Title Information

Records for not-yet-published titles do not include subject classifications. To initiate an order, see the instructions at the bottom of the page.

AQUATECTURE: BUILDINGS AND CITIES DESIGNED TO LIVE AND WORK WITH WATER. Robert Barker and Richard Coutts. RIBA Publishing, Royal Institute of British Architects, London, 2016. Distributed in the U.S.A. by Taylor & Francis Group, New York. 318 pp. with 383 ills. (339 col.). 19 x 26 cm. ISBN 9781859465318 In English.
Publisher's description: Water plays a vital role in shaping our built environment, as it has done for centuries. We depend on it, we use it, we live with it and we must respect it. Aquatecture is the first book to outline new ways of 'designing for water,' using examples from around the world to illustrate methods of utilizing water innovatively, efficiently and safely. The first part of the book explores the historical relationship between water and architecture, examining how cities and civilizations have been drawn to water and have attempted to control it. The chapters go on to assess how this relationship has changed over time, and introduce readers to a range of brand new techniques that will revolutionize the way we think about water, design and urban planning. Solutions such as amphibious housing, wet-proof buildings, zero carbon development, rain gardens, flood storage and new methods of waterfront design are discussed and their effectiveness assessed. Full color illustrations and international case studies are used throughout the book to bring these new theories to life; practical, technical advice sits alongside truly ground-breaking and ambitious ideas for the future.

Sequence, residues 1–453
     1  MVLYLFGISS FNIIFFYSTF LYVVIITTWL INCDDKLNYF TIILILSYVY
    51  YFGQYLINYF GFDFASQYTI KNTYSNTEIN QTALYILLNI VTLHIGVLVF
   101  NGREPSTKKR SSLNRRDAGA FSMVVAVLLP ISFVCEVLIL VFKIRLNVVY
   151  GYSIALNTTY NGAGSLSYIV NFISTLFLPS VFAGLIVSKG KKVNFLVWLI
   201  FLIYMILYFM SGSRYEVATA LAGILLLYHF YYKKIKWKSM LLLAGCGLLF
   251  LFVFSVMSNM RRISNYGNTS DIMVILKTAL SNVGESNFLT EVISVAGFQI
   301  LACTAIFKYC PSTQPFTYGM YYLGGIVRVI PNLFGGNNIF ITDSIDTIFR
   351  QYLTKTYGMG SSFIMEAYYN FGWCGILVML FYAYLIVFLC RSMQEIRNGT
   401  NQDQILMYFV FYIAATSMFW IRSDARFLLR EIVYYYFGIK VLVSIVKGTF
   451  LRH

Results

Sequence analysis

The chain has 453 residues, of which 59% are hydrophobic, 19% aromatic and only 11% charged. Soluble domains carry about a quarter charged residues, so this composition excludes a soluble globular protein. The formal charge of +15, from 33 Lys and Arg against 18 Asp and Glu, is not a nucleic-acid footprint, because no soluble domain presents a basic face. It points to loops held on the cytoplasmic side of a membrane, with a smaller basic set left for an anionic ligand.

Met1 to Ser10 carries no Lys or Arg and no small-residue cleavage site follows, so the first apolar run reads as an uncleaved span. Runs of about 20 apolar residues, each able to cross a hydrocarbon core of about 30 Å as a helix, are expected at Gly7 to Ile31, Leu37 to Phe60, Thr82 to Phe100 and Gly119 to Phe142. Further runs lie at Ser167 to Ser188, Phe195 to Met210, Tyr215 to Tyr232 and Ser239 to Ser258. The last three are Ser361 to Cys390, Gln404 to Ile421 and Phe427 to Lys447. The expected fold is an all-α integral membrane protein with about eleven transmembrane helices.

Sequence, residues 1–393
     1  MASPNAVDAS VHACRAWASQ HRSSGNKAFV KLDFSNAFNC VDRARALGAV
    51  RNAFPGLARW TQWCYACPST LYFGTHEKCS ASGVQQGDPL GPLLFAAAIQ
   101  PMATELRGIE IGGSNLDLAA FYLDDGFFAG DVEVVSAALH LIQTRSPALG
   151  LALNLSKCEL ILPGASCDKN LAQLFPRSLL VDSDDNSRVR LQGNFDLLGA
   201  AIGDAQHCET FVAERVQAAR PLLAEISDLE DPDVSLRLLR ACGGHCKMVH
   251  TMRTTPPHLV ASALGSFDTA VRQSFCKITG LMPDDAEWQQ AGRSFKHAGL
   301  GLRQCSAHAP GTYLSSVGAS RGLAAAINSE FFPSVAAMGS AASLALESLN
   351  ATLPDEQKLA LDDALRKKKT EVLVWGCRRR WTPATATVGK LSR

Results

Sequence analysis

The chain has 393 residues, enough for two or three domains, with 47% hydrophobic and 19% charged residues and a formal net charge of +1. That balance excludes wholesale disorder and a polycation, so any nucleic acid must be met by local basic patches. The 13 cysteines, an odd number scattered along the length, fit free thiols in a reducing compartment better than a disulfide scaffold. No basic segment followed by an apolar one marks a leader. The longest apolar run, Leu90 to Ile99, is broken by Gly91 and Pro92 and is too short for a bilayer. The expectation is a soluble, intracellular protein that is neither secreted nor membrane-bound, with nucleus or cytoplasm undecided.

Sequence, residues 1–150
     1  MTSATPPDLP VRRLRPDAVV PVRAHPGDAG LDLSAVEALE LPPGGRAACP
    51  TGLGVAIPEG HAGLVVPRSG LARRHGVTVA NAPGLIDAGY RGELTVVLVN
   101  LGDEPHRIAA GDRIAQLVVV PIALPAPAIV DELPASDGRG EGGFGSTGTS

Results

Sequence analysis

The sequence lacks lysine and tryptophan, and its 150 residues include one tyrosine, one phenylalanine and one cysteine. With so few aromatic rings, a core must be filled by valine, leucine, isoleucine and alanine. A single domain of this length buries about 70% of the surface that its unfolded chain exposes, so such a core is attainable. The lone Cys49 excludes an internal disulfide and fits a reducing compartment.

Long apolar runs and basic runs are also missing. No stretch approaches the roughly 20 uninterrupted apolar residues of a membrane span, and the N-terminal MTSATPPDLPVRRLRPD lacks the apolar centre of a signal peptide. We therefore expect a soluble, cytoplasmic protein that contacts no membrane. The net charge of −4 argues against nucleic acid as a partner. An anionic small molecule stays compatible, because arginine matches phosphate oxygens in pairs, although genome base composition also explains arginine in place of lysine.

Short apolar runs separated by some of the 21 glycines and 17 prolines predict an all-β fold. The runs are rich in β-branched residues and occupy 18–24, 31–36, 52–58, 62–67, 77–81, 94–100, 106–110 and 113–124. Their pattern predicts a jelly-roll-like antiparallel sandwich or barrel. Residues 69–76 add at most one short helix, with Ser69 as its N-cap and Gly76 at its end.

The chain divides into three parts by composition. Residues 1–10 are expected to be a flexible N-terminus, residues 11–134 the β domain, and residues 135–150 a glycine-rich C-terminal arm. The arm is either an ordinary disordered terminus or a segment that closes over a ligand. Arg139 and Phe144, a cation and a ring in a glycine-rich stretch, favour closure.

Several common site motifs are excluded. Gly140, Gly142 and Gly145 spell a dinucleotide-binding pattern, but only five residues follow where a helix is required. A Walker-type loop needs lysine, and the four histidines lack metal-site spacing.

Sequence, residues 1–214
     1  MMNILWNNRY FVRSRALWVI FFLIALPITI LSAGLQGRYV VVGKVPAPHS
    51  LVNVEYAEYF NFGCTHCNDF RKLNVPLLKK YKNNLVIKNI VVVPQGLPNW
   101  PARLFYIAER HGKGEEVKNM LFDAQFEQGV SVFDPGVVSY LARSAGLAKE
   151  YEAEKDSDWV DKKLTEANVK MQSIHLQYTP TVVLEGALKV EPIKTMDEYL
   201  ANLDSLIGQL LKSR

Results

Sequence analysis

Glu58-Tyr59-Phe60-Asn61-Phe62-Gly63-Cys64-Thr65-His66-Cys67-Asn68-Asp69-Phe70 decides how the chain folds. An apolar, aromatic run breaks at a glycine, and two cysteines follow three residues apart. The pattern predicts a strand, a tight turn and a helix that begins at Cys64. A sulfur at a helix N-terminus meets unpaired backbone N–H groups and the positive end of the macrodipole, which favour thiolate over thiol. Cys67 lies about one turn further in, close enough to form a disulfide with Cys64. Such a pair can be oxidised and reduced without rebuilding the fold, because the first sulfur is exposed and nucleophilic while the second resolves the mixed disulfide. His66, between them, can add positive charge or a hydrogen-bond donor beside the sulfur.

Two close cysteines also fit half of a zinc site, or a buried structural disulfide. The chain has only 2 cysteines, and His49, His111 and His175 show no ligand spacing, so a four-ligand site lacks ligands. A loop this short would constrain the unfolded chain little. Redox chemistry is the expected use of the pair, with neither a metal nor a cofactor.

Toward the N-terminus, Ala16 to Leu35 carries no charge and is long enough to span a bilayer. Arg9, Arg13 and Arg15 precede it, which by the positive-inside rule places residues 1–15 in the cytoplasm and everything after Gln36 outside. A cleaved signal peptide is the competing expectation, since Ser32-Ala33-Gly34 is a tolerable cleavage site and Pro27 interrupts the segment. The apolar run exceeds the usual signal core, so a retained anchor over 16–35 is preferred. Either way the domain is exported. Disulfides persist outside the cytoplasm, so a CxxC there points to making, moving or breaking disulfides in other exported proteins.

Indexing: Western, International (Western Style) — Post-2000 — Architecture
Plans: 73
Worldwide Number: 172379
Paperbound $53.95    

Select titles for ordering by clicking in the boxes to the left of the title entries and then click on the "Add to Cart" button below. You will then be able to specify quantities and continue with your order.

NOTE: The shopping cart will expire after 2 hours of inactivity.